A dad has defended a shocking advert in which he declares: "I wish my son had cancer."
For behind the frankly gobsmacking statement lies a heartbreaking reality.
Alex Smith's six-year-old son has a condition that can never be cured and could kill him before he reaches 25.
And the dad's logic is that cancer would be preferable – because at least there would be the potential for a cure.
Harrison Smith was born with duchenne muscular dystrophy, which leads to loss of movement and, eventually, paralysis.
There is no treatment and no cure, but his father Alex has given up his job to dedicate himself to finding one. He hopes to achieve this by funding research through his charity Harrison's Fund.
A campaign for the charity features a picture of Alex and Harrison and carries the slogan: "I wish my son had cancer".
Explaining the advert, which appeared in the London Evening Standard, Alex said: "For many people the notion of even wishing your child had cancer would be tough to understand, how could I wish a terrible disease on my own child?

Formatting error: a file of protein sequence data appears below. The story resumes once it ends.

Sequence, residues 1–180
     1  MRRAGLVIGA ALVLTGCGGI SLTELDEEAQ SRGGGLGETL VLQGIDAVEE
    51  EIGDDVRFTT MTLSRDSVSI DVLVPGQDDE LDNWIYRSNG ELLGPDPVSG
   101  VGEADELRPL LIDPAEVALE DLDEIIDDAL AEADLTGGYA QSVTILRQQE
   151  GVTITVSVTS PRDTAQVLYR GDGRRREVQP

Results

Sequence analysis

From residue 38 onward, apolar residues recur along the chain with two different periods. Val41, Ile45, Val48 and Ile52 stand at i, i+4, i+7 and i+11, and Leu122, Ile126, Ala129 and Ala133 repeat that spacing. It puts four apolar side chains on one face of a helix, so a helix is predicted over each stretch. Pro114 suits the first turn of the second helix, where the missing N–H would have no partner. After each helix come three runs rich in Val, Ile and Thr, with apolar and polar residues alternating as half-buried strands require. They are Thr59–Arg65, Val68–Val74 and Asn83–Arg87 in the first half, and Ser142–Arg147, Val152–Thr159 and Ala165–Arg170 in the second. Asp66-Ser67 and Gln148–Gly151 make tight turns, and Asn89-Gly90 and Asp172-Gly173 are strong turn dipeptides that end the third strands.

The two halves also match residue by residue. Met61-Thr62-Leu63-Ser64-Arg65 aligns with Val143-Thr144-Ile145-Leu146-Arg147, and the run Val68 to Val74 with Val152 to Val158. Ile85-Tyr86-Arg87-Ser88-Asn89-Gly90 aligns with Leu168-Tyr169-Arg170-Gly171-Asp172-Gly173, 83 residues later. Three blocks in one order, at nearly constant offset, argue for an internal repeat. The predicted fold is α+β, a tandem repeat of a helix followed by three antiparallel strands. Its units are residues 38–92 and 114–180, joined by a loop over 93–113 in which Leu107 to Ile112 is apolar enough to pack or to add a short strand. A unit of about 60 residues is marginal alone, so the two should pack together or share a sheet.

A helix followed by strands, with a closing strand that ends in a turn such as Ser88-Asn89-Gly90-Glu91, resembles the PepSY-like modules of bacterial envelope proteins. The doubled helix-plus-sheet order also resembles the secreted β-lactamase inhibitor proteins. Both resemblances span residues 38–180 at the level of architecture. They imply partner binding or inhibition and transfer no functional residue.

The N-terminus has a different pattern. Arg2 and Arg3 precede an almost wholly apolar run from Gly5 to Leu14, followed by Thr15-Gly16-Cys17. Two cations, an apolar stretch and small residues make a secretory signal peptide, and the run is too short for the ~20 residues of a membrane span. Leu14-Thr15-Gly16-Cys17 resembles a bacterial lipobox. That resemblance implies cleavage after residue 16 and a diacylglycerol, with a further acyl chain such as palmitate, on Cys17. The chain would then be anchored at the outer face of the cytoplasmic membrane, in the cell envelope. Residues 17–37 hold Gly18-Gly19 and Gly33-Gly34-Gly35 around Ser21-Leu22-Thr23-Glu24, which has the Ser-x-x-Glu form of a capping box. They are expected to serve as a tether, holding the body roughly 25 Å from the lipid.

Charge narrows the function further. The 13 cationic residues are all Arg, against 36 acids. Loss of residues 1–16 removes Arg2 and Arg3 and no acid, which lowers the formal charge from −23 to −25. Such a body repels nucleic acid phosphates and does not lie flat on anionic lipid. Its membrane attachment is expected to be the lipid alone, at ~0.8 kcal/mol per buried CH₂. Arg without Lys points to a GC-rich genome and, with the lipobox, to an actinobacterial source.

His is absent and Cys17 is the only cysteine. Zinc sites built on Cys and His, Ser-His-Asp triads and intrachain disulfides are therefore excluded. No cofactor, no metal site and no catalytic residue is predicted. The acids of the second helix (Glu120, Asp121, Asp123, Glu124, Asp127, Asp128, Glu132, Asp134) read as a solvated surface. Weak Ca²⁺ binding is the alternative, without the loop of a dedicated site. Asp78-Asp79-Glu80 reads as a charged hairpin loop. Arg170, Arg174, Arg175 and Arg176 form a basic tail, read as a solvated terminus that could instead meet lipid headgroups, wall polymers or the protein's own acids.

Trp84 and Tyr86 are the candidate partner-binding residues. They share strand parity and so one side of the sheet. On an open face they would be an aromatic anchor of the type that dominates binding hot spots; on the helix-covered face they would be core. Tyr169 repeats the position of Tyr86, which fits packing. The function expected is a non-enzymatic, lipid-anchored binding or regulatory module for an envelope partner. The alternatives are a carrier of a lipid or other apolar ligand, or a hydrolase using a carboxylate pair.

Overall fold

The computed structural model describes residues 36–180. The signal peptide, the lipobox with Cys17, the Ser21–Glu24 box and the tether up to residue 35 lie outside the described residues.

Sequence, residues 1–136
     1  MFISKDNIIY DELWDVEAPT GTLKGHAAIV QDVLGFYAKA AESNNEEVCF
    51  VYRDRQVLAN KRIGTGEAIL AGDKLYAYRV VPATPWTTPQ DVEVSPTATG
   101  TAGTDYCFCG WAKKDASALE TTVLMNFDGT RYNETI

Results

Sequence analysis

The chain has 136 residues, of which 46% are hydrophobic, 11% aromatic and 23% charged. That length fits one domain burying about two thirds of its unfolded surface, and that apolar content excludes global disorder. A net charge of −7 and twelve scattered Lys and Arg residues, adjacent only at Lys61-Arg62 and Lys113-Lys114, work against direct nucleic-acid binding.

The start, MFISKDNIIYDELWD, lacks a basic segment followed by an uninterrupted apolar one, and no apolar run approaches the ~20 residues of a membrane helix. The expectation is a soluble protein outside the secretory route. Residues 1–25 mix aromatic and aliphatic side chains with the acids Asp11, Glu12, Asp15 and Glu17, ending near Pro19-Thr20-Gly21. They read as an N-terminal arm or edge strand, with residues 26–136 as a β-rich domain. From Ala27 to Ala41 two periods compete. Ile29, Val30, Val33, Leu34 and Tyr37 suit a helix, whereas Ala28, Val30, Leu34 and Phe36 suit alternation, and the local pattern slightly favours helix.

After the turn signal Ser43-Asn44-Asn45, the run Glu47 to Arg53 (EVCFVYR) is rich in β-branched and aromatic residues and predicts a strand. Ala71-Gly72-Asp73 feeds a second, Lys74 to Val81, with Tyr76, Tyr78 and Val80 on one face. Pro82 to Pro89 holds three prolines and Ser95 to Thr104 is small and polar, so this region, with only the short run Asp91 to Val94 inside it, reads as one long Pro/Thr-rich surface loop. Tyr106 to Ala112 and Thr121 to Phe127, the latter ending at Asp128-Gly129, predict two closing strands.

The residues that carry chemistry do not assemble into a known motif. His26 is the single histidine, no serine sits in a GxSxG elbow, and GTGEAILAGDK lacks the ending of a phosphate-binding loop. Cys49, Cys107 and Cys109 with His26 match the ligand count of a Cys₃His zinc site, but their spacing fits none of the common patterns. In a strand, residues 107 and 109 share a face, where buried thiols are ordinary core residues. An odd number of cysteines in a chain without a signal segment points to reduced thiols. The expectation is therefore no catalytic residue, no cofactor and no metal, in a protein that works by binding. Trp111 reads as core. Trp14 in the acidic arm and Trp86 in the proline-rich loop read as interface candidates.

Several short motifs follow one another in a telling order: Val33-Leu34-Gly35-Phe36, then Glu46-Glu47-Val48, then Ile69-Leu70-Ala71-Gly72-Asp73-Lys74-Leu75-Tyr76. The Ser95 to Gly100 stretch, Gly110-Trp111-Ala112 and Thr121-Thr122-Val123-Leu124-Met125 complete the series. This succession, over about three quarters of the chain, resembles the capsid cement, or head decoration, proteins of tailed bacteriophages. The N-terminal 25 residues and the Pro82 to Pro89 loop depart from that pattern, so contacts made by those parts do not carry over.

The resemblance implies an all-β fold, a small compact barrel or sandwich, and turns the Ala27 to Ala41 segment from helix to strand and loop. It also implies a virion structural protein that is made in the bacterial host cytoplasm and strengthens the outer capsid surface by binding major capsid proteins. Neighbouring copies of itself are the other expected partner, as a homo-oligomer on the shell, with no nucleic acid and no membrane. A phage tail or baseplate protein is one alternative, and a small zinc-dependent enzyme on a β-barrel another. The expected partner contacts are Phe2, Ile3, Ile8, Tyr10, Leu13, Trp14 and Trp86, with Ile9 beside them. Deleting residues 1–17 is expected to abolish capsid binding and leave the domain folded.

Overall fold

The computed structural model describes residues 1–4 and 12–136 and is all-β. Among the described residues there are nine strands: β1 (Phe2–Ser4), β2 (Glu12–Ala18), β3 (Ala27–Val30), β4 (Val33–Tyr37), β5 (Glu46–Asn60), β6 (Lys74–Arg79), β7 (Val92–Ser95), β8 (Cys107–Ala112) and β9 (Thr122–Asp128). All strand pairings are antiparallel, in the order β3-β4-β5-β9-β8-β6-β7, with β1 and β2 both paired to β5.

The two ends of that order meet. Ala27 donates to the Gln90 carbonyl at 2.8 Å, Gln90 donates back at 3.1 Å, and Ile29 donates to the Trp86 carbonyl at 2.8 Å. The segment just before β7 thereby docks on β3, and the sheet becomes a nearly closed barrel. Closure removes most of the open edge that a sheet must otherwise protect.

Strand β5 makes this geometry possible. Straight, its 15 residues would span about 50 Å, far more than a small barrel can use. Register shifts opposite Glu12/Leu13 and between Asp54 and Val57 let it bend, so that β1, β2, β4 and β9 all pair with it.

"But the brutal truth is that there is a treatment in most cases. With duchenne there is no treatment, no cure, it's 100 per cent fatal and at the moment one day he will be dead."
Alex, from Cobham, Surrey, who has another son William, four, with his wife Donna, 37, said when Harrison was first diagnosed in 2011, 'the world turned upside down'.
He said: "Coming to terms with a child that has a life-limiting condition, it's not what we had mapped out for ourselves. We were also worried that we could have two sons with duchenne.
"I'm a very determined guy and I can't accept being told, 'Look after your son, give him the best life you can, he is going to die.' I couldn't accept that solution."
As a result, he decided to give up his job in company branding to start a charity named after Harrison in a bid to find a practical solution for him and other sufferers.
Duchenne muscular dystrophy, which is caused by a genetic mutation in the dystrophin gene located on the X chromosome, affects around one in 3,500 boys in the UK.